The acquirer entity in the business combination may recognize the identifiable brand name of the acquired company an asset, whereas, the acquired company does not recognize such brand name as an asset pre business combination (Castedello and Klingbeil, 2009). This difference in the recognition of brand name arises only because of a difference in the revenue recognition principles and the International financial reporting system followed by the entities. Hence, the manner and the accounting policies followed by both the entities in recording and recognizing brand name as an asset may vary.

Similarly, the acquirer entity may recognize certain identifiable intangible assets like patents, customer relationships, etc. as an asset in its financial statements, but the pre combination acquired company doesn’t record the same as the entity considered that these were internally generated and does not qualify to be an asset as per the Australian accounting standards. The pre acquired company may consider it as an item of revenue and expenditure and deal accordingly. These intangible assets like patents and customer relationships include the customer detailed book, the contact and sales details and these are also sometimes referred to as defensive and identifiable intangible assets.

In a business company, one entity may obtain certain defensive intangible assets from the other entity which it does not intend to use in its business operations, but, hold them to gain a competitive advantage. Also, the recognition principle of certain contingent items may vary from entity to entity. The acquirer may record all the past generated future contingent liabilities, which the acquired company does not recognize prior to the combination. A difference in the recognition concepts does not judge the business combination to be legally valid or invalid. It varies from entity to entity.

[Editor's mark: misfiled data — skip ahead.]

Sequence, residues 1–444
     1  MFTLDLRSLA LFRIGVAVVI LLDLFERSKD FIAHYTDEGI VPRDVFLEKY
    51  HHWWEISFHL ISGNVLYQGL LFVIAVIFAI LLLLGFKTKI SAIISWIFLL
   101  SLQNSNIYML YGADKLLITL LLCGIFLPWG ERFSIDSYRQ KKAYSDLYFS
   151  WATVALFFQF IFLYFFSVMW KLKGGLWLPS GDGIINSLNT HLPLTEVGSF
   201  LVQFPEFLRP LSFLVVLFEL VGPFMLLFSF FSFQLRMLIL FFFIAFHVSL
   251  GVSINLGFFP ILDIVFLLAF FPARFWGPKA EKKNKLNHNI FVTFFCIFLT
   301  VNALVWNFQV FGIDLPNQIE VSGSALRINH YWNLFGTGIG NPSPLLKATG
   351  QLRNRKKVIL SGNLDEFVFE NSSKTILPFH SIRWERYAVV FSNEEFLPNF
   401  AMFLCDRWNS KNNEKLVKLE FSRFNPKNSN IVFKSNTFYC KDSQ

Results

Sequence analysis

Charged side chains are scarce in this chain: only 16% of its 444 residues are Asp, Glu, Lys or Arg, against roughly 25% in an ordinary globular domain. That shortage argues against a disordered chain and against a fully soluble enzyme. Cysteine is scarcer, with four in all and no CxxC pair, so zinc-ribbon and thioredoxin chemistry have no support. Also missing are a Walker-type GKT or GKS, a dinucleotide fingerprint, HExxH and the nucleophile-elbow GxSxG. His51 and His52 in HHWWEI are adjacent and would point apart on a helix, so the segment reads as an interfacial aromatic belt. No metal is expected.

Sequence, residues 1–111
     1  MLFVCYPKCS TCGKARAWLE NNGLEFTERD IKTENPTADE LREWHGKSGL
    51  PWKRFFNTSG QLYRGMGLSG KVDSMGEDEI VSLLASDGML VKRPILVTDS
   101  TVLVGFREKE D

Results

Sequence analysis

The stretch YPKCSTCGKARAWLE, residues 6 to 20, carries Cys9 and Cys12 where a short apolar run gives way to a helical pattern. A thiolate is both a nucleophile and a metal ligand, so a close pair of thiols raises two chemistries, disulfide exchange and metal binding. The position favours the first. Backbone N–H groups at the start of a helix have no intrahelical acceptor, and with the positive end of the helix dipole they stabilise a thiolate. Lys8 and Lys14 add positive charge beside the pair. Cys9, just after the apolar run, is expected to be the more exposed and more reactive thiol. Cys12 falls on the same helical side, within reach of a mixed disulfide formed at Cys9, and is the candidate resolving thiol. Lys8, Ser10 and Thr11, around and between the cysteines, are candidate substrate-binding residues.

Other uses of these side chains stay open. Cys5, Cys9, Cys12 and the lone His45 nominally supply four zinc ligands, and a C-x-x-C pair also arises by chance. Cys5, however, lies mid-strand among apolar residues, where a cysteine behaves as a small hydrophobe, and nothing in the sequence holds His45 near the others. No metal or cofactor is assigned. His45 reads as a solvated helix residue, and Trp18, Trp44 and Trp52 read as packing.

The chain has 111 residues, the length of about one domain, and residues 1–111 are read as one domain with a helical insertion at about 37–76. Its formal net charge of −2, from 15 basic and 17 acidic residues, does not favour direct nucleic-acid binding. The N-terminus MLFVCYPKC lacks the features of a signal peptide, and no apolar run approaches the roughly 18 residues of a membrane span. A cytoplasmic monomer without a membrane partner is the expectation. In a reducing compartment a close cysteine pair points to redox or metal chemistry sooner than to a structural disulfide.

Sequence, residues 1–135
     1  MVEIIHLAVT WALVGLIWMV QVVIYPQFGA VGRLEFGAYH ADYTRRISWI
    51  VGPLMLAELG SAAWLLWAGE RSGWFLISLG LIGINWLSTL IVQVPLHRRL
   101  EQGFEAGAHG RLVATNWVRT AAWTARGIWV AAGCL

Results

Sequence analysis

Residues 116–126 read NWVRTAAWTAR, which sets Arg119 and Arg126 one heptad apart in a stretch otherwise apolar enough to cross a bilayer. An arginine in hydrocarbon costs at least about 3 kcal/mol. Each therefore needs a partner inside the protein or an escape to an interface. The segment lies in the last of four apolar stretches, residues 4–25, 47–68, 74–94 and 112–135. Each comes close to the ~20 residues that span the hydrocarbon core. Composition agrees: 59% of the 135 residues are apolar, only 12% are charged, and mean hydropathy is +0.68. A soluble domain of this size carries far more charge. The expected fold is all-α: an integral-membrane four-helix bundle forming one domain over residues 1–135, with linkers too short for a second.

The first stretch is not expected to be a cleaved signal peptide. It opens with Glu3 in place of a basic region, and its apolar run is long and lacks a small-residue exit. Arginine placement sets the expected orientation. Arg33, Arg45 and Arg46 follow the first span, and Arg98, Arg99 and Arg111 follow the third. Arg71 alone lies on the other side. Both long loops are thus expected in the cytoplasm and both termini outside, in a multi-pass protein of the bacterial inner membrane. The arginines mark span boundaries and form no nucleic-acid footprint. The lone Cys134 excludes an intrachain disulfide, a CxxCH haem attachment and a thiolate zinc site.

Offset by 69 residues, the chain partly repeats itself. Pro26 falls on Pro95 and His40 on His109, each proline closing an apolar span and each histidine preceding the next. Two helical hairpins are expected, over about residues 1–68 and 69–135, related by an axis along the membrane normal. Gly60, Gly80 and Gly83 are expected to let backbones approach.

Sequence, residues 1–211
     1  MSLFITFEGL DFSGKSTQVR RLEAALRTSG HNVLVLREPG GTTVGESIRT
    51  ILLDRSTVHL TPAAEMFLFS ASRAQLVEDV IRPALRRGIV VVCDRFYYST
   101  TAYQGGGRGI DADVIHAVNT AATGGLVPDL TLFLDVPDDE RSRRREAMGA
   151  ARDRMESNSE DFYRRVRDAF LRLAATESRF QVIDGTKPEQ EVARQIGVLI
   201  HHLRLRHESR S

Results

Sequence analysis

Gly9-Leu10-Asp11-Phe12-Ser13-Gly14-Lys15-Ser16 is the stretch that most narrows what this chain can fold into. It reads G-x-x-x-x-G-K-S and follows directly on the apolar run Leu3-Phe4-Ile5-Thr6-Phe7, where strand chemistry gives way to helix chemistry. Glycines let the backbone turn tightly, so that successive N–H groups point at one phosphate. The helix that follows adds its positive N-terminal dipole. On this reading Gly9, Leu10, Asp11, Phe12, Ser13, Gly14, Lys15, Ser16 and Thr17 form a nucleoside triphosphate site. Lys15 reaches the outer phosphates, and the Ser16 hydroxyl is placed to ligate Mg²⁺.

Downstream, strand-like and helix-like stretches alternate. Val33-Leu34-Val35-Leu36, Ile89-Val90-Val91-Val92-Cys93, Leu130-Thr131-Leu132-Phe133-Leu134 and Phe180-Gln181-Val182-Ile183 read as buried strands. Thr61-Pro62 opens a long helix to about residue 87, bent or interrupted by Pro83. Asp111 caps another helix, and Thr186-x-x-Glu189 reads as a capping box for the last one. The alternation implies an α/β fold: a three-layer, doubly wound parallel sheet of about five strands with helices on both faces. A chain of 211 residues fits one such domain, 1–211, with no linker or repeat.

Also, the value at which the assets are recognized by the acquirer and the acquired company may vary, as the acquirer records all its assets acquired and liabilities assumed, other than goodwill, at the fair values as existing on the date the business acquisition or combination takes place. There may also be differences in the method of depreciation being charged on the fixed assets, the recording of deferred tax expenses, items relating to prior period, etc. Furthermore, the entities may follow different basis of accounting, i.e. accrual basis or cash basis. This would again change the recognition of the assets and liabilities acquired during the business combination.


From the above attached report, we can conclude that whenever one business firm acquires the business of another firm, including all its assets and liabilities, then, it is referred to as a business combination. Business combination basically starts with identification of the acquirer, followed by the selection of the acquisition date, and ending with the recognition of the assets and liabilities acquired in the business combination. Each of these steps has a specific significance, on its own. Also, in business combinations, the value at which the assets and liabilities are recognized by the acquirer company has a great significance. The firm needs to follow the Australian Accounting Standards for the recognition and valuation of various assets and liabilities of the firm.